A simple view of negotiation presents a cold transaction between what one person has and what the other person is willing to pay for it. If the price is right, the deal gets done.
As anyone who has recently bought a car or sold a house knows, however, negotiations are rarely so dispassionate. As soon as the checkbook comes out a flood of emotions comes out with it—fear, anxiety, competiveness, anger, annoyance—all of which can influence what either side is willing to accept.
“I can‘t imagine a good negotiator who doesn’t have either an explicit understanding about emotions, or is highly intuitive about the process”
Emotions such as satisfaction and elation can be quite rare in negotiation, says Andy Wasynczuk, MBA Class of 1953 Senior Lecturer of Business Administration at Harvard Business School. His new teaching note, Emotions in Negotiations: An Introduction, traces the history, theory, and research on how emotions can affect transactions between parties. Wasynczuk and his coauthor, independent researcher Colleen Kaftan, do so using an everyday example of a work-at-home consultant ("Kate") dealing with an electrician ("Peter") over restoring power after a storm. They intentionally picked the situation as one to which students could relate.
"Our MBAs generally feel like they are very ill-equipped for negotiation, whether that's dealing with a landlord or buying a car—let alone the business situations they will be getting into," says Wasynczuk. "Rather than discussing topics in the rarified air of investment banking, an industry foreign to many of our students, we wanted to be as universal as possible."
Not that it is a simple situation emotionally. Stressed out over lost work because of the storm, Kate is further annoyed when repairman Peter is three hours late. When he responds brusquely at her overtures toward friendliness and offers what she feels is an unreasonable price and timeline for repairs, she gets angry. Before long, both sides are yelling, and Peter marches out the door.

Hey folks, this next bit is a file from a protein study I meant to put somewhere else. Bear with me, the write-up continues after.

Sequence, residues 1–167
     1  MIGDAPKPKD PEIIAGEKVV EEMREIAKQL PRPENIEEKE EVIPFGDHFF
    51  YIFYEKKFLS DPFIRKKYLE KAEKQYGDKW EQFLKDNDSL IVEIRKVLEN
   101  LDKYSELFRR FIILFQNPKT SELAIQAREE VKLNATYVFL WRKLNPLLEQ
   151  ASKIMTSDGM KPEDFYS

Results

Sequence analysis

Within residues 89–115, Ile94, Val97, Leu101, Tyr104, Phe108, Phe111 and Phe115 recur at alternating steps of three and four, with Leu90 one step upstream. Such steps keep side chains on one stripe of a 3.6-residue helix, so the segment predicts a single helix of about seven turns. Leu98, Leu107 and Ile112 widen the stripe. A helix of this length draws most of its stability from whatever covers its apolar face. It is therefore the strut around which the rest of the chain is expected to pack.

The question for students is: What could Kate have done differently to get a better outcome?
"We spend a lot of time talking both about what emotions we elicit in others based on our behavior, and what we need to do to manage our own emotions. There are lessons on both sides," says Wasynczuk. "I can't imagine a good negotiator who doesn't have either an explicit understanding about emotions, or is highly intuitive about the process."
Negotiating in the NFL
Wasynczuk (HBS MBA '83) should know—he served as chief operating officer for the New England Patriots for 15 years, where he was in charge of negotiating high-stakes player contracts involving millions of dollars.
He intuitively understood that emotions were an important factor in dealing with people as passionate as athletes. "The last thing I wanted to do was create an excuse for a player or agent to get angry. That would create a power struggle, which was a recipe for disaster."
Wasynczuk learned to enter into contract talks with a smile—and to rationalize away his own anger when a deal couldn't be struck. "If an agent was being greedy with me, they were probably being greedy with other teams as well," he told himself. "If the other team ended up paying that money they were making a mistake."
Business schools began teaching negotiation in the 1980s, when it was presented as a straightforward economic analysis. Assuming the other side was acting rationally in trying to maximize its position, the goal was to figure out how to respond in various scenarios to maximize one's own value. Research beginning in the '90s, however, found that negotiators rarely acted rationally, instead taking into account what they felt they deserved from the other side, and what they could do to save face when they didn't get it.
Take this simple exercise: Player A is given $20 and has to decide how much to share with Player B. Player B's only decision is to decide whether or not to accept what is offered. If accepted, Player B receives the offered amount and Player A gets to keep the balance. But if declined, both players end up with nothing. Rationally, B should take any offer—even as little as $1—that's more than nothing. And yet, whenever this experiment is performed, B consistently rejects the money unless it is at least a quarter of the total—$5.
"There is a very strong emotional response to the lack of fairness, irrespective of the right rational decision," says Wasynczuk. "The more we understand how people behave based on emotions, the more thoughtful and appropriate we can be in how we respond to them."
Anger, for example, is one of the most destructive emotions during negotiation—often causing deal making to break down as each side sacrifices its needs in order to save face. "It tends to start rising on both sides, and inevitably there is a point where it erupts," says Wasynczuk. "People walk away and say there's value on the table, but I don't care."
[This article was provided with permission from Harvard Business School Working Knowledge.]